Top 10 Things To Do And See In Salamanca, Spain

Top 10 Things To Do And See In Salamanca, Spain
Located in the north-western part of Spain, Salamanca is a city of exceptional beauty and was declared a UNESCO World Heritage Site in 1988. We have put together the top 10 activities and sights in this dazzling Spanish gem.
Salamanca © Coque/WikiCommons

Salamanca University

Salamanca’s university is located in the historic town center and was founded between 1425 and 1433. The building is considered one of the most beautiful universities in the world, mostly because of its crafted façade. The carvings are an excellent example of the plateresque style and were added in 1592 by the Catholic kings. Many tourists attempt to find one of the most intricate carvings the ‘frog on a skull’. There are various theories as to why it is there, but what is certain is that Salamanca University, one of the oldest universities in the world, is also considered one of the most impressive and dazzling buildings in the country.

University of Salamanca, 37008 Salamanca, Spain,+34 923 29 46 48

The Plaza Mayor

One of the largest squares in Spain, the Plaza Mayor is the heart of the bustling city. It was built in two phases and finally completed in 1755. The Plaza is considered one of the most beautiful in the country and its Baroque architecture and intricate decorations are a sight to behold. Small shops and restaurants are spread out around the bustling square and in the evening musical groups provide some entertainment. Along with the University of Salamanca, Plaza Mayor is considered the emblem of the city and has been declared a National Monument. Wander around the court and watch the numerous crowds pass through while soaking up the Spanish ambiance.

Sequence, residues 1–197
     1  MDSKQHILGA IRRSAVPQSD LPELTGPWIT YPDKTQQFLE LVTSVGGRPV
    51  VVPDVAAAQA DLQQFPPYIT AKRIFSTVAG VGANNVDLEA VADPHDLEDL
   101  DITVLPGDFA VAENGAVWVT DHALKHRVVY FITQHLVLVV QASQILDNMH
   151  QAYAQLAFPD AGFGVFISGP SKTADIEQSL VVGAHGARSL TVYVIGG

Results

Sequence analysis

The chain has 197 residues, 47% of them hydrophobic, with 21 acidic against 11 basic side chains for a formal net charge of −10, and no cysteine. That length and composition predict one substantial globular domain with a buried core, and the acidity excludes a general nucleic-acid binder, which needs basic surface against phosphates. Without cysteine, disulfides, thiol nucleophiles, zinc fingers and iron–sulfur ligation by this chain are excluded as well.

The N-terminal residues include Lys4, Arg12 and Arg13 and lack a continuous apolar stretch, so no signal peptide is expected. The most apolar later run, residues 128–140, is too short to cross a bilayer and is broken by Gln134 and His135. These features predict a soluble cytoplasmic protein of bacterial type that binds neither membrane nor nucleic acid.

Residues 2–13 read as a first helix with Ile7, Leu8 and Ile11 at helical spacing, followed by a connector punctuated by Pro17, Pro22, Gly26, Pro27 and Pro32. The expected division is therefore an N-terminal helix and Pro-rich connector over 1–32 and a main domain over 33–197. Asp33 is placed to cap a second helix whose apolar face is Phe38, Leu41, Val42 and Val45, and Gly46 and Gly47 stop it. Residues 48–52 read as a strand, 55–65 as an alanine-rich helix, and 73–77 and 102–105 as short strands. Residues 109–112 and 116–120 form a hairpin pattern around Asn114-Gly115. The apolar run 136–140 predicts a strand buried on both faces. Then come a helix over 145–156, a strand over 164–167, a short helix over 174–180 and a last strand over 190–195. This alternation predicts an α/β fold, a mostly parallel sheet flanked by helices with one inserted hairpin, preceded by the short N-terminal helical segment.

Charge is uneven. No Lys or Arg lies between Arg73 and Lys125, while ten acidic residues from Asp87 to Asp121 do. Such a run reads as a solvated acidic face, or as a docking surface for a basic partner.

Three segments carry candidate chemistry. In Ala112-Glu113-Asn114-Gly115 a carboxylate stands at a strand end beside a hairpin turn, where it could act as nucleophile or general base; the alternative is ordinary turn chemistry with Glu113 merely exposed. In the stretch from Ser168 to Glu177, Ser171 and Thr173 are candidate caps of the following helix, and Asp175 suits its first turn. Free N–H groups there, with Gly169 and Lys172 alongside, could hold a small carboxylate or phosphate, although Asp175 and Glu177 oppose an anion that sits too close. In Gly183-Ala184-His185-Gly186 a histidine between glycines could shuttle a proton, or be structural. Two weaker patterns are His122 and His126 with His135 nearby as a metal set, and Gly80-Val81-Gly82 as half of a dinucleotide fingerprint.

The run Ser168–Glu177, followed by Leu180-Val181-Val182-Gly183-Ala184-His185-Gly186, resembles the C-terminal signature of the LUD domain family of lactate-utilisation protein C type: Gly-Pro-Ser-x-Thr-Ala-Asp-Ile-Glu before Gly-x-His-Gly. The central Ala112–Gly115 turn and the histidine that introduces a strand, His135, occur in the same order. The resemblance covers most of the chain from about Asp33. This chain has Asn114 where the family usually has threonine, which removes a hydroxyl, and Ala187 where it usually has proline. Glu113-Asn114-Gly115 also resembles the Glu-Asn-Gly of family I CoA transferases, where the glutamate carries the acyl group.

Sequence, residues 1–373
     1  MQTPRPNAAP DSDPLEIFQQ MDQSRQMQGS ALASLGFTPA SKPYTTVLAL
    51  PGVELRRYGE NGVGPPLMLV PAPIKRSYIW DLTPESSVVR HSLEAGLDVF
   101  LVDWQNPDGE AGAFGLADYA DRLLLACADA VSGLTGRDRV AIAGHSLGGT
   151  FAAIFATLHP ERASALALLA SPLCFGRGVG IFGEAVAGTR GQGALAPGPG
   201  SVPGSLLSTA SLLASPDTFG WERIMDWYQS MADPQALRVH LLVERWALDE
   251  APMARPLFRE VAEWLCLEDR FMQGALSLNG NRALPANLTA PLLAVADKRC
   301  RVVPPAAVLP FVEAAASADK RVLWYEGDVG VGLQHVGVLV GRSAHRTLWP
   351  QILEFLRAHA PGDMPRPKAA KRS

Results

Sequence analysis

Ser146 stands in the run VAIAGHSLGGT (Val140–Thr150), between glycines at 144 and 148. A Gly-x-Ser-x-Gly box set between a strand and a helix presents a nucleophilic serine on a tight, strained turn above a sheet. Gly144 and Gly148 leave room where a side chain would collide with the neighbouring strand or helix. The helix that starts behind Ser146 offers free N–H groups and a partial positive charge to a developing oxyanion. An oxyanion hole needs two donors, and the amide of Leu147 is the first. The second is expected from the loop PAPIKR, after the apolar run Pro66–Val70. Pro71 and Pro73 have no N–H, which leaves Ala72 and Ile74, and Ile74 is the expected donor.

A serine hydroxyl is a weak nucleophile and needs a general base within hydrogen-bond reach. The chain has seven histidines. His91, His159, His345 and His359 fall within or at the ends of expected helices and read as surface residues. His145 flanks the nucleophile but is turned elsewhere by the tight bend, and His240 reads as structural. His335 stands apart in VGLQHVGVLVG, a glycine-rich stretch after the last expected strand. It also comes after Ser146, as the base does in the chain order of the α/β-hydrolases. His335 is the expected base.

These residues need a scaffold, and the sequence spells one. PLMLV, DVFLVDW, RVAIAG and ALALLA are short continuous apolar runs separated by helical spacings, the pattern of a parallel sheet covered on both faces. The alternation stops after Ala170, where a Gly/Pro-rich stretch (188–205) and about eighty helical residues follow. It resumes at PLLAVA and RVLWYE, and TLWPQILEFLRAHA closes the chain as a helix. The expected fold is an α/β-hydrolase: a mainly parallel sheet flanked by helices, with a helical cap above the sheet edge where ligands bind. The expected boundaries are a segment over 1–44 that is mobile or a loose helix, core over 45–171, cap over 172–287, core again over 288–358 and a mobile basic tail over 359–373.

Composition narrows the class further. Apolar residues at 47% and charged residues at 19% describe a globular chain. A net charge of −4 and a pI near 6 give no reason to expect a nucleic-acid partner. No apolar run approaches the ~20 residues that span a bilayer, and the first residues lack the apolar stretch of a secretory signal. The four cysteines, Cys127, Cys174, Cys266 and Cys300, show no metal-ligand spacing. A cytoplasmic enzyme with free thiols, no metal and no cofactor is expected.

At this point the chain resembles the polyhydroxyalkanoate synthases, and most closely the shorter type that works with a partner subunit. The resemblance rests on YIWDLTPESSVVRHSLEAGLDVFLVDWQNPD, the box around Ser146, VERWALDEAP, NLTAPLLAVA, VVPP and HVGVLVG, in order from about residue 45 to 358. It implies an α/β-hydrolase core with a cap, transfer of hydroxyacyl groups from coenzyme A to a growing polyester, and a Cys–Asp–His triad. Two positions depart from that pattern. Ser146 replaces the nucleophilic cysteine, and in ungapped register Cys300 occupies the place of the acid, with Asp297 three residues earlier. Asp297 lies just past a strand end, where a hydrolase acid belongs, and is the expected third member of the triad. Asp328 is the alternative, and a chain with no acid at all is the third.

Plaza Mayor, Salamanca, Spain

Casa de las Conchas

Sala de Exposiciones de la Casa de las Conchas
Sala de Exposiciones de la Casa de las Conchas | © Cruccone/WikiCommons
The historical Casa da las Conchas was built by Rodrigo Arias de Maldonado, a knight of the Order of Santiago de Compostela, and was completed in 1517. It is the building’s curious façade, which is decorated with more than 300 shells, that attracts many visitors. The architecture is primarily Gothic with Renaissance and Mudejar elements. It is worth venturing through its doors to inspect the restored courtyard and take a closer look at the skillful works. While it served as Maldonado’s palace back in the 16th century, nowadays the House of Shells is home to the public library and an information office.
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Museo Art Nouveau y Deco

The exceptional Museo Art Nouveau y Deco is one of the most renowned in the region and offers artistic masterpieces from the 19th and the 20th centuries. The artifacts range from impressive collections of paintings, sculptures to ceramics and art deco pieces. The dazzling building was originally a private palace and was eventually opened as a museum in 1995. The intricate glass works and plays of light make it one of the most stunning architectural constructions in the country. The museum features the largest collection of porcelain dolls in the world and its chryselephantine statuettes and glass works are particularly noteworthy.

Calle Gibraltar 14, 37008 Salamanca, Spain, +34 923 12 14 25

The Old and the New Cathedral

Cathedral, Museum
View of the Salamanca's Cathedral from Tormes' river
View of the Salamanca's Cathedral from Tormes' river | © Alurín/WikiCommons
Salamanca’s impressive New Cathedral lies next to the Old Cathedral and its construction first began in the 15th century, and lasted until the 18th. It is considerably larger than its historic counterpart and is one of Spain’s most impressive examples of Gothic architecture, while also featuring Baroque and Renaissance elements. The Old Cathedral can be accessed via the New Cathedral and was completed in the 14th century in the Romanesque design. While both represent different architectural styles, they are nevertheless in harmony with each other. Visitors can climb the towers and stroll along the battlements, which offer a dazzling panorama over the city.